Developing for the Digital Enterprise: Extending your ADF Applications to Mobile

Cloud computing and mobile are two new horizons showing for Oracle ADF developers. If you like it or not, the world of information technology has started to change, shifting its weight towards mobility everywhere and for everyone with a strong push for public Clouds. This session is not a statement of direction for Oracle ADF but discusses the options you as ADF developers have when travelling towards one or both of the new horizons. Come with pen and paper to learn about what you can change, what you may want to keep and which new skills you need to put onto your skill wish-list."

Frank Nimphius

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Oracle Corporation

Senior Principal Product Manager
LinkedIn & Blog

For details please visit our Fusion Middleware Partner Community Forum registration page here.

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clip_image002Share information among features in Oracle Mobile Application Framework.

Oracle Mobile Application Framework is the successor framework to Oracle Application Development Framework Mobile (Oracle ADF Mobile) for building on-device applications for iOS and Android platforms. This article steps you through one way to perform a common developer task in Oracle Mobile Application Framework: sharing information among Application Mobile XML (AMX) features.

A feature in Oracle Mobile Application Framework is a unit of work—a single piece of application functionality that users can access from the mobile application springboard. An example of a feature is a product catalog in which users can query and select items to buy. AMX is one of three technologies that you can use to develop features in Oracle Mobile Application Framework.

Oracle Mobile Application Framework mobile applications can be developed in Oracle JDeveloper with the Oracle Mobile Application Framework extension, or in Eclipse with Oracle Enterprise Pack for Eclipse. In this article’s hands-on exercise, you’ll use Oracle JDeveloper and Oracle Mobile Application Framework to implement a customers feature that shares information about the selected customer with an orders feature.

Architecture Overview

Figure 1 shows a simplified architecture diagram for Oracle Mobile Application Framework. A mobile application built with Oracle Mobile Application Framework is compiled into a platform-specific container that is then deployed to a mobile device. From the perspective of the device, the container makes the application appear to be written in the device’s native OS language (Objective-C for iOS or Java for Android). Read the complete article here.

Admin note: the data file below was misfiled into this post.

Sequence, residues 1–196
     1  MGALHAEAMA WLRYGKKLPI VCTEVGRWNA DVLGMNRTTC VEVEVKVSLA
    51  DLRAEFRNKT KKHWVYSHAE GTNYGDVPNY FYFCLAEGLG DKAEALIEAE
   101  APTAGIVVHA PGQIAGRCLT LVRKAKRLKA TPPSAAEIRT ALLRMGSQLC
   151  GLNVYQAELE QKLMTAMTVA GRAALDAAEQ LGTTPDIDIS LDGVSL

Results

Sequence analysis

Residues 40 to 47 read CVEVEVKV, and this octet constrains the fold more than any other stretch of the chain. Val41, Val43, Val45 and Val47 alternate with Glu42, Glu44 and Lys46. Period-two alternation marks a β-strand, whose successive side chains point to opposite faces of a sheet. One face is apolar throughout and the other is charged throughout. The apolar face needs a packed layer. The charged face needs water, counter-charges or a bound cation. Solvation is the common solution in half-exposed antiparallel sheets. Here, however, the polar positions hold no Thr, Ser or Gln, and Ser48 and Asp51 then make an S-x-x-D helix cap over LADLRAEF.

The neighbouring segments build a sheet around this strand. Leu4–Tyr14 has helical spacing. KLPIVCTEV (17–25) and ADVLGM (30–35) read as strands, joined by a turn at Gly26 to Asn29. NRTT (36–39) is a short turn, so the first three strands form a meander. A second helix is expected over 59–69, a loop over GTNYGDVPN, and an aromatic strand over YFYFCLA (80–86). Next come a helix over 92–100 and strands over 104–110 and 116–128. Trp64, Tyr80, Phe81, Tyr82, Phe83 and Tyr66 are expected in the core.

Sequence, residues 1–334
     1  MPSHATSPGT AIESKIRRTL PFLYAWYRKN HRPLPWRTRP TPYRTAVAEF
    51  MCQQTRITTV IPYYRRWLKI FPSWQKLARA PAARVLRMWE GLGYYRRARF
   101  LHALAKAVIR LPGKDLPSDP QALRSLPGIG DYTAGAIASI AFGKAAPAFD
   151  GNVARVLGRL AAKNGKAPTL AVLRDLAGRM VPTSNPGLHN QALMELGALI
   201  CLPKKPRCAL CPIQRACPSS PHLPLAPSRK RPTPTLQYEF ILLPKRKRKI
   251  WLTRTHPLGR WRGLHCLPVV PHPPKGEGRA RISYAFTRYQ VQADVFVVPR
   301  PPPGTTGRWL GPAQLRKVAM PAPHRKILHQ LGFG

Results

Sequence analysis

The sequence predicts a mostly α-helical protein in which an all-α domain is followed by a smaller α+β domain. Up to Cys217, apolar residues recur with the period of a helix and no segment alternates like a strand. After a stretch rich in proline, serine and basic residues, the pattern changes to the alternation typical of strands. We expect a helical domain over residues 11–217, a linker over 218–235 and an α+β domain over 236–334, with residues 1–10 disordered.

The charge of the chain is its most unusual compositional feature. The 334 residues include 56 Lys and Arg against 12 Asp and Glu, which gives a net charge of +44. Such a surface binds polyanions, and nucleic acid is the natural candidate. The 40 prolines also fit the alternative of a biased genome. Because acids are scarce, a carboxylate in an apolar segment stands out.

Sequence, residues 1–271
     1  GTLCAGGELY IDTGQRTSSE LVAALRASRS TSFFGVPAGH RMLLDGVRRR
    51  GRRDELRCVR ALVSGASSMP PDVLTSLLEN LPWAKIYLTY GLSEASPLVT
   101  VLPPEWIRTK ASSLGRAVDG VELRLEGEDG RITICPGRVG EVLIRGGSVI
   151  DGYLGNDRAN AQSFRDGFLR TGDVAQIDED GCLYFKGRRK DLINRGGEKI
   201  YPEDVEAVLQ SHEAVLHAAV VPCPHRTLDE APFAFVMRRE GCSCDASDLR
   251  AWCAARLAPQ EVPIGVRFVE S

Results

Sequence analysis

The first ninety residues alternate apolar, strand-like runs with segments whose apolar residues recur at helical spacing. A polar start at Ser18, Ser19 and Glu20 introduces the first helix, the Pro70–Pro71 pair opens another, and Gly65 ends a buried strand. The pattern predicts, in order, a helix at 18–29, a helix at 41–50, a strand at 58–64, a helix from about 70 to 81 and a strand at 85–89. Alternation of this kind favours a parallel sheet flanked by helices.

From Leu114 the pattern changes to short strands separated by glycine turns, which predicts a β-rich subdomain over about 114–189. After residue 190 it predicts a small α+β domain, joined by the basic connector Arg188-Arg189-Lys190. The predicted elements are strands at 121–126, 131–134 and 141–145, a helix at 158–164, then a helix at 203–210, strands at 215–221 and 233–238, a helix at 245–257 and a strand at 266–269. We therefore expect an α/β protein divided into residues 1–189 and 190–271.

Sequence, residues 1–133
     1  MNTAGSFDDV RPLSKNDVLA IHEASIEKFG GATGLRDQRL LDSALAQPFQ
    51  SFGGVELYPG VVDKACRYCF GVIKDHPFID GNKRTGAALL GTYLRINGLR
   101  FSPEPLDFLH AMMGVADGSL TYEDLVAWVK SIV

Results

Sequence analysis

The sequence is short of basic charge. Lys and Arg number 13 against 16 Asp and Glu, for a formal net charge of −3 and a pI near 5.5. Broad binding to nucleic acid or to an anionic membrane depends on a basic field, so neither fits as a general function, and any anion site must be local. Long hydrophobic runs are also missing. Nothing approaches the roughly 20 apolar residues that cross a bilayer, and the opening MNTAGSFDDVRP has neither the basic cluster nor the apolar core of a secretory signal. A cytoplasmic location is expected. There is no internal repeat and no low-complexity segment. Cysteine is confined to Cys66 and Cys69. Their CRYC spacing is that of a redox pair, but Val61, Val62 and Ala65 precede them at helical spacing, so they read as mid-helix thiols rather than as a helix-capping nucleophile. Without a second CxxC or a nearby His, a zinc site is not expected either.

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Frank Nimphius takes to the stage to demonstrate consuming web services from Oracle MAF applications.  This series of videos includes intro level descriptions to data controls, bindings, REST and SOAP.  It then shifts up a gear to cover programmatic access to web services from Java in Oracle MAF.  If you are looking to skill up on Oracle MAF please subscribe to the channel.

  • clip_image002Introduction and Overview – YouTube
  • Designing and Developing a MAF Application – YouTube
  • UI Development in Oracle MAF – YouTube
  • Working with Data and Web Services – YouTube
  • Working with Local SQLite Database – YouTube
  • Integrating with Device Services – YouTube
  • Oracle MAF Security – YouTube
  • Oracle Enterprise Pack for Eclipse – YouTube

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Render an unknown number of task flows in page or dashboard regions.
Oracle Application Development Framework (Oracle ADF) regions display the contents of bounded task flows in designated areas on a page. Each region uses a special binding configuration—the task flow binding—in the Executables section of the parent page’s PageDef.xml file to populate the region content with data from the Oracle ADF binding layer.

In use cases such as analytic dashboards, the contents of an unknown number of task flows must be displayed as regions at runtime. However, Oracle ADF regions cannot be created at runtime. Multi-task-flow binding in Oracle JDeveloper 11g Release 2 and Oracle JDeveloper 12c addresses this limitation. Using a hands-on exercise, this article shows developers how to use multi-task-flow binding in Oracle ADF applications. Parts of the sample application have been prebuilt to give you a head start. In addition to performing the hands-on steps, you can learn more by examining the source files.
To begin, download the sample application and unzip the o44adf-2197040.zip file to a local folder on your computer. Do not use spaces in the folder name. Ensure that you’re using the studio edition of Oracle JDeveloper 12c (12.1.2.0.0) or later, available as a free download on Oracle Technology Network.
Static, Dynamic, Multiple
The multi-task-flow binding feature is a combination of the static and dynamic task-flow-binding types used in Oracle JDeveloper to associate region content with the Oracle ADF binding layer and lifecycle.
A static region uses a dedicated task flow binding added to the PageDef.xml file of the parent page to associate the region content with a bounded task flow. The task flow binding contains a static reference to the bounded task flow to be exposed in the region.
Dynamic regions also use a dedicated task flow binding, which uses a property reference to a managed bean in view scope to provide the task flow reference information. The managed bean is accessible from Java code and through expression language (EL). The task flow reference returned by the managed bean property can be changed at runtime for the region to display the contents of different task flows sequentially.
In multi-task-flow binding, the multi-TaskFlow binding element provides the region component model for multiple Oracle ADF region instances that are created at runtime with the af:forEach loop tag of the Oracle ADF Faces feature of Oracle ADF. Each region obtains its bounded task flow configuration reference from a managed bean. As with dynamic regions, the content of the managed bean can be changed at runtime, thereby enabling the display at runtime of an unknown-at-design-time number of task flows in regions. The region binding is appropriate for uses such as dashboards that display varying numbers of bounded task flows on a page. Read the complete article here.